The 3 months since that last flight had passed quickly–3 months of good books read, math problems solved, geography discovered, play weddings acted out in free time, and all manner of grade 4 activities. I had also turned 9 the previous month, and knew my family would now celebrate my birthday and my brother’s 4th birthday 3 days earlier, as soon as we made it back home. While on a shopping trip in South Africa, my Dad had acquired our first car, so the decided to make the road trip instead of Helen and I flying home as we had always done before. So, I knew they were loaded up in the Isuzu, along with 2 village friends–a teenage student of my Dad’s and the Zambian pastor he worked with in our Church.
So that afternoon, after various activities designed to keep all us boarding students preoccupied so we wouldn’t be bouncing off the walls with the excitement of our families’ arrivals, we all filed out the drive-up area to await the first arrivals. I had in my mind the perfect picture of what to expect, so as each vehicle arrived, I craned my neck to see my mom’s long arm waving out the window and Alex’s goofy grin peering out from her lap. But the cars came, parents claimed their clamoring kids, and my picture-perfect arrival still had not appeared. Finally, a lady I recognized as the mom of some friends who lived fairly near us went over to our Dorm Mother and said something to her, gesturing in our direction. She then came and told us to go ahead and get ready for the program–not to keep waiting for our parents there.
I was disappointed, but assumed they would arrive at any moment, so just kept waiting as we practiced our songs. My mental image just altered itself to adjust to a late clamor of hugs and kisses rushed in before the program started . . . but the program came, began, and ended, and they had not arrived. The next morning we were taken to the Cessna, and told we were going to go back to the village by flight after all. This time I imagined the whole family standing there on the airstrip, coming into focus as the plane landed, with eager smiles and waves–still, no. The parents of a classmate took us in their car instead–so of course I changed my expectation once more, this time thinking they were taking us to our house where the family would be, picture-perfect, waiting in front of our little home.
Instead we arrived at their house. Auntie Elaine (according to British habit, all family friends were “Auntie” and “Uncle” to us kids) finished up dinner preparations while we helped set the table. And then, instead of sitting down to dinner, she asked Helen and I to come and sit with her on the couch–”Anna, Helen–I have some really sad news . . . your Daddy went to heaven . . . ” Before the sentence was finished, I had burst into loud sobs, Helen looked at me and started crying, and Auntie Elaine and her daughter were both crying and hugging us.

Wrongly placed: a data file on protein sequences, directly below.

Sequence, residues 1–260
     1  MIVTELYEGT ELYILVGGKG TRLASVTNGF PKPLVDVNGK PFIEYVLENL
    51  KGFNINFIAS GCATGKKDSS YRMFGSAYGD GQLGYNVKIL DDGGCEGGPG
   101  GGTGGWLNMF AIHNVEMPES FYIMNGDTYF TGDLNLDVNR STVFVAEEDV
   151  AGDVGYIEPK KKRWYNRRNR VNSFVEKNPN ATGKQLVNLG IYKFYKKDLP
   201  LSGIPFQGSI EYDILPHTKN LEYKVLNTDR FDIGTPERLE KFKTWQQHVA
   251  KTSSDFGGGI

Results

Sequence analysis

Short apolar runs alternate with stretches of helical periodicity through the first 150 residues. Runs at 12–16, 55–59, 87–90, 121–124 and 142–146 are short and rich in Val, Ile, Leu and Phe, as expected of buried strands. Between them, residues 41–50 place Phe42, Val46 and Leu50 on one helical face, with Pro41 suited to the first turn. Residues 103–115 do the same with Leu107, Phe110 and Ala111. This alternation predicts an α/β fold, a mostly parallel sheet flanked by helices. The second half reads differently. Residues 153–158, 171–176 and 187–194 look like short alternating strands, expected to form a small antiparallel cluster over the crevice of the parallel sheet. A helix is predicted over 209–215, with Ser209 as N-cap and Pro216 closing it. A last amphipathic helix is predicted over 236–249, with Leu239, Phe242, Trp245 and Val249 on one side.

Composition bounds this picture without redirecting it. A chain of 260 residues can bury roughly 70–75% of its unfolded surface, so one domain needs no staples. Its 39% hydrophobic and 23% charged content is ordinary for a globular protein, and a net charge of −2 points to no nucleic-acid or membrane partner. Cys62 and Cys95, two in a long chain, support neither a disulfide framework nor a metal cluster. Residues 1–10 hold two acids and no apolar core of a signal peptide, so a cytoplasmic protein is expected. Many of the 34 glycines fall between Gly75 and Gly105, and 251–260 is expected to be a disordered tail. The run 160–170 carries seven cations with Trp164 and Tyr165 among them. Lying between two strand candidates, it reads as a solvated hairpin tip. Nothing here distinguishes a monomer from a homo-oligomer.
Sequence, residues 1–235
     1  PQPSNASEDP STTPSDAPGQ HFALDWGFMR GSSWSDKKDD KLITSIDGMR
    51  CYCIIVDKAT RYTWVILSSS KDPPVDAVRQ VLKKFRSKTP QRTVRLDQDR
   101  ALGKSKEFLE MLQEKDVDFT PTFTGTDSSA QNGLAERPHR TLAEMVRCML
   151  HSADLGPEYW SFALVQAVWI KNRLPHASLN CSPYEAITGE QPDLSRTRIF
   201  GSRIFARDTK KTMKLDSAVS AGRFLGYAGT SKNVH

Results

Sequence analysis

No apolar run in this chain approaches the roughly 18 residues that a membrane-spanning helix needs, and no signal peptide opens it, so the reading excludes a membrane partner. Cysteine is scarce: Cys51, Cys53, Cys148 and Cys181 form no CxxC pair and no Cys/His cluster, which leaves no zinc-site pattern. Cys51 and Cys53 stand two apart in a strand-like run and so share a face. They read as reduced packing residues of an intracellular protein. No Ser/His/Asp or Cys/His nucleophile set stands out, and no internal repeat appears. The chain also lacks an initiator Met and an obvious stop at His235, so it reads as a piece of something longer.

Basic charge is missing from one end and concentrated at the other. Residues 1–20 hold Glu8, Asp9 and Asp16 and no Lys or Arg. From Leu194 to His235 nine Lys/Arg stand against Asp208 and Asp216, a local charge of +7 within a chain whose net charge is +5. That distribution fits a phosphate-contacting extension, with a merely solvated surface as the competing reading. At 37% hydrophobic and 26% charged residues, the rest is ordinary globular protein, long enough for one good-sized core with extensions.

I don’t remember any mention of the rest of the family at that point–nor did I wonder, as far as I can remember. The rest of the day, of the week, of the month, passed in a sort of a fog, in which my memories are clear but displaced, as if each memory was plucked from its proper place in the continuum of time and placed instead in some never never land of homeless moments.
I remember falling asleep with fitful dreams, waking up convinced I had dreamed reality, and that Daddy would walk in and comfort me any moment. I remember being reunited with my brothers, staring at Alex’s discolored and misshapen head, and carting Ian around carefully in his body cast, propping him up against walls . . . supporting him and holding his modesty blanket over his midsection as he pinned the tail on the donkey at his belated birthday party. I remember visiting Mom there in the Zambian hospital, horrified at the sight of my strong, active, beautiful mother lying there on the stretcher bed unable to move herself. At one point during a visit, the nurse had to turn her over so that she wouldn’t get a bed sore. As she did so, she let go of the sheet and mom was briefly exposed to us all in the room. I didn’t know whether to blush, sob, or scream–I wanted to just run away, to disappear forever into the endless, dreadfully beautiful African wilderness. I hated seeing mom like that, and dreaded the visits . . . and I hated myself for feeling that way, thinking there must be something wrong with me if I didn’t want to see my mother . . .
Somehow, time passed. My Daddy’s funeral passed in a blur of friends, strangers, languages I didn’t know, and wails I knew only too well. As soon as mom was strong enough to be transported, we were shipped to the U.S., where hospitalization and then physical rehab came for her. I hid in my books–in beautiful worlds of fantasy–to the extent that my grandmother still teases me for always having my “nose stuck in a book” as a child.